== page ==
I hate writing obituaries and memoriam posts. Unless you truly know a person, they’re just usually so forced and awkward. Although, with sports it’s a little different, because we are inspired by athletes and coaches on a regular basis, so we feel like we know these people. That’s what makes this whole Joe Paterno thing incredibly strange.
I used to wonder why Paterno was such a big deal. He only won two national championships and the last one was in 1986. I viewed him the same way that I did Bobby Knight – “What have you done for me lately?” But I always lacked one thing that would have given me actual perception – a favorite college football team. Growing up, I had no allegiance to any college football teams, so I never actually understood how incredible it is for one guy to stay with the same team for a career. And now, as a fan of the UCF Knights, I openly beg for George O’Leary to be fired.
That’s why this quote that I came across in reading the media’s reaction to JoePa’s death stuck out a little.
“Why leave?” Paterno explained in a 1995 interview with the Tampa Tribune. “It’s got everything I want: small town, a college town. I can walk home after games. I’ve been accepted as a faculty member, not treated as a dumb jock. I can do things that suit me intellectually; I’m a little bit of an egghead.”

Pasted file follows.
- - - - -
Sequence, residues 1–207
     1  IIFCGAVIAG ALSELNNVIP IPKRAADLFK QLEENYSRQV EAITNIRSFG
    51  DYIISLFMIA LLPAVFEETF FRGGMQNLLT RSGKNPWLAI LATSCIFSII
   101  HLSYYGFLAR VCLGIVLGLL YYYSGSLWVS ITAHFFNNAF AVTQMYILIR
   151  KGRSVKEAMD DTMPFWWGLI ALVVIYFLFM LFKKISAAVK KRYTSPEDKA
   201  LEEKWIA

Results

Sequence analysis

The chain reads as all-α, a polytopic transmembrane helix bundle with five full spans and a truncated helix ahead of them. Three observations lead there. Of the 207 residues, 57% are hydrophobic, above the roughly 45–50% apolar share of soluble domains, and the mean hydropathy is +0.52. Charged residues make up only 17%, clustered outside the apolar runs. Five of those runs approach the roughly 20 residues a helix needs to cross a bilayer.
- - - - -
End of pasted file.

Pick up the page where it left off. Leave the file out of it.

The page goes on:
I admire that. As we’ve seen far too often, players and coaches want bright lights and big cities. JoePa was apparently happy with the small town. It’s refreshing, to say the least. That’s why I can understand the incredible outpouring of emotions and respect the students and alumni have been showing for JoePa since news of his death broke yesterday. They see the 46 years of head coaching and the man who charged onto the field for 409 victories.
However, that’s mostly limited to his friends, fans and former players, because the rest of us see him for who he became over the last three months of his life. I don’t quite know how I feel about Paterno anymore. I used to not care who he was. He was a coach, cool. Then I thought he was great because he stuck around and he was this cool old dude who crapped himself during a game.
But now I just want answers. I think we all want answers, because none of us wants our heroes to be exposed as anything but perfect. That’s why I understand the love for JoePa. I don’t agree with it, but I understand it. And we’ll probably never get those answers now that he’s gone. Most of us won’t settle for “I never heard of that” as an excuse for turning a blind eye to his friend and defensive coordinator Jerry Sandusky allegedly raping children in Penn State facilities. Aware or not, that’s the man’s legacy. Trust me, I don’t want it to be his legacy, but I don’t think anything will ever happen to change it now that he’s gone.
And it’s a shame, because he’s still a hero to so many people, who will spend the rest of their lives defending him, despite still wanting the questions answered. After the jump, I have some reactions from the media and JoePa’s friends, as well as pictures from the Penn State student body’s tribute.
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